Ash from combusted hog manure and incinerated carcasses is being tested as mineral sources for use in swine rations.
The ash from fecal material is a byproduct of gasification that produces combustible gasses or electricity. Another possibility is the ash from dead animal carcasses incinerated on farms. Both processes destroy bacteria.
Feeding tests with growing pigs at North Carolina State University show that the ash from manure is a good source of essential minerals.
“The ash contained high levels of calcium, 11.5 percent; and phosphorus, 13.3 percent,” explains Theo van Kempen, animal scientist. In addition, it contained important micro-minerals, including 0.18 percent zinc, 0.15 percent copper and 0.73 percent iron.
Also present was a high concentration of potassium, 12 percent, which van Kempen says should be watched when formulating rations, and magnesium at 5.8 percent. “But recent research with magnesium shows that higher levels in swine diets may benefit meat quality.”
Four minerals, which are excreted in urine, were notably low, says van Kempen: Sodium, chloride, sulfur and nitrogen. Any of the last three are lost in the flue gas during combustion.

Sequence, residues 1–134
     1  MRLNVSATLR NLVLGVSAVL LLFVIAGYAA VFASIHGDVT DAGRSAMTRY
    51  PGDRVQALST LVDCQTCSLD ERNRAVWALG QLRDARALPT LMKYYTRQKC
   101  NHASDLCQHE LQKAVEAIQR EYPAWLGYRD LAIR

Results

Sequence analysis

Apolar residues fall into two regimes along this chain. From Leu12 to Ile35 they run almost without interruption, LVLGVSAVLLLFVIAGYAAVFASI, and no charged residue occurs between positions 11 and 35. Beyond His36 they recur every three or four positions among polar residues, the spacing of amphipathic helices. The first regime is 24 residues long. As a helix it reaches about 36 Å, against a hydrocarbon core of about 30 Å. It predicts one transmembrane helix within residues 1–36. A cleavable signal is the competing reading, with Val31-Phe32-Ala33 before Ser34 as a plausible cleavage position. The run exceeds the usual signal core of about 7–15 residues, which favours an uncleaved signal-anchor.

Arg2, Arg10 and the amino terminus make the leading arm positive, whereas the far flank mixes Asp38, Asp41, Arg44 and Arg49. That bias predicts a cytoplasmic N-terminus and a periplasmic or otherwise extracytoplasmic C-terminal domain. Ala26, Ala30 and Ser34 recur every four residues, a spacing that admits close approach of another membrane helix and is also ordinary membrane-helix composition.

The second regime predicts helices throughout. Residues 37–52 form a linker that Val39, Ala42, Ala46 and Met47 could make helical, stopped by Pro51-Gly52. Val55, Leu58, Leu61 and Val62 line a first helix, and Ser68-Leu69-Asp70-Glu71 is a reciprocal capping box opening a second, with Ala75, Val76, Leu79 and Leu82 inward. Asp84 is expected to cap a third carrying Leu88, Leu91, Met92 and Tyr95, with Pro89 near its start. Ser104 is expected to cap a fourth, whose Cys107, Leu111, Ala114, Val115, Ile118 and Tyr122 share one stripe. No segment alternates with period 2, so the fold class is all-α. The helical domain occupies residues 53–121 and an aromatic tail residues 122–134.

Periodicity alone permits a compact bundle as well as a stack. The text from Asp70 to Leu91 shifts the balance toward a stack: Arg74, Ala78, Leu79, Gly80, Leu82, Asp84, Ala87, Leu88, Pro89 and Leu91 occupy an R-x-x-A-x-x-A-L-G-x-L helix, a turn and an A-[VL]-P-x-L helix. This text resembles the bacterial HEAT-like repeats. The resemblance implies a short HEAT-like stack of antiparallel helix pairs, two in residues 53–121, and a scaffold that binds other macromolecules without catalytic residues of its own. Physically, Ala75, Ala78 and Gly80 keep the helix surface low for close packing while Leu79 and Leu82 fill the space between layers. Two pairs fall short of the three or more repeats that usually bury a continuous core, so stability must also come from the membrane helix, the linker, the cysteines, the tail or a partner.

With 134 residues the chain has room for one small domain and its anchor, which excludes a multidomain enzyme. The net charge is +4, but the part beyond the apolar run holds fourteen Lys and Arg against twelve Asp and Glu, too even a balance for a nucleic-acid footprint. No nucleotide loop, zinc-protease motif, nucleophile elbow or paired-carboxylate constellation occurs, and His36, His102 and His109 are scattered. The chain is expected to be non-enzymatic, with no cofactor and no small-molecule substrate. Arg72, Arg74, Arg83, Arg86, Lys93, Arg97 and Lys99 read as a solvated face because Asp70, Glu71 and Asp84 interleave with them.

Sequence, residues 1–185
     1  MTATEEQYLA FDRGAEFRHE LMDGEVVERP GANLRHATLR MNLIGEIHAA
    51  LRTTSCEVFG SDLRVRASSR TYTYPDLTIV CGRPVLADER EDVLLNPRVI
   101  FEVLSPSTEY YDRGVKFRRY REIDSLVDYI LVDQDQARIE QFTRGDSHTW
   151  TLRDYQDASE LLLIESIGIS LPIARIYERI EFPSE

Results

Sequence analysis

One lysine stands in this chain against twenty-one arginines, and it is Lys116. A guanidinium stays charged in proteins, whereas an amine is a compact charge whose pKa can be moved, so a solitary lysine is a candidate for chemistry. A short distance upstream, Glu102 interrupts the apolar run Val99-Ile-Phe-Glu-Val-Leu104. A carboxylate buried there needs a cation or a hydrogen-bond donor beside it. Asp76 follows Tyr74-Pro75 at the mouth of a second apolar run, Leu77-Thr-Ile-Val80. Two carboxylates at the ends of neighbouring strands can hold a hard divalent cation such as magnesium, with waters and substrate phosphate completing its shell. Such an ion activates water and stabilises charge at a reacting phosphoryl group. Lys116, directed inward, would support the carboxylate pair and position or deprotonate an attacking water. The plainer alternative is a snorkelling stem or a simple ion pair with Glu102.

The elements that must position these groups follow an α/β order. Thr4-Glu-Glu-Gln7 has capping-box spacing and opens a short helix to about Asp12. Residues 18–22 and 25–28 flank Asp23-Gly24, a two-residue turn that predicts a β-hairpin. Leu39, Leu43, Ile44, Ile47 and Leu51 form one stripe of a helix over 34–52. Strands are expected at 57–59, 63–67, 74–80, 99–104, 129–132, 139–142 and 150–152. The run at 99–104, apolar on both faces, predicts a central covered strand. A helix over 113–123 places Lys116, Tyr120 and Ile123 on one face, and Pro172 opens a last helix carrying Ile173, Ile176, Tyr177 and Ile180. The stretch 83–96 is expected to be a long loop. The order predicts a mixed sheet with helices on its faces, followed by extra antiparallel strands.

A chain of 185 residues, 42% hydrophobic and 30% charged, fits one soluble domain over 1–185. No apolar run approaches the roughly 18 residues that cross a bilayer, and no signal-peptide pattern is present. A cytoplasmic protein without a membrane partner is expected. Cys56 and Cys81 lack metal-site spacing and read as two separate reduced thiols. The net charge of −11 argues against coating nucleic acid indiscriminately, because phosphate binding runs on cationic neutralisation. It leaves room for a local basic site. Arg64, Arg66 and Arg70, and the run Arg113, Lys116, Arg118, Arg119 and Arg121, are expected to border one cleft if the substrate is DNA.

In his feeding tests with growing pigs, digestibility of the ash was close to that of commercial mineral sources.
“Our work so far, shows that ash is an excellent source of minerals for pigs and suggests it may be the ultimate method of recycling minerals,” adds van Kempen.
He notes that one important question does remain: Will the magnesium level in ash cause an excess of it in the animal’s manure making recycling impractical? “If so,” he says, “the answer may be to process the ash to extract beneficial minerals.”
Additional feeding tests are under way, including ones using ash from incinerated carcasses from hogs that died. “If results are as encouraging as those from feeding combusted feces,” says van Kempen, “recycling in feed solves environmental problems while reducing the need for supplemental and often expensive minerals.”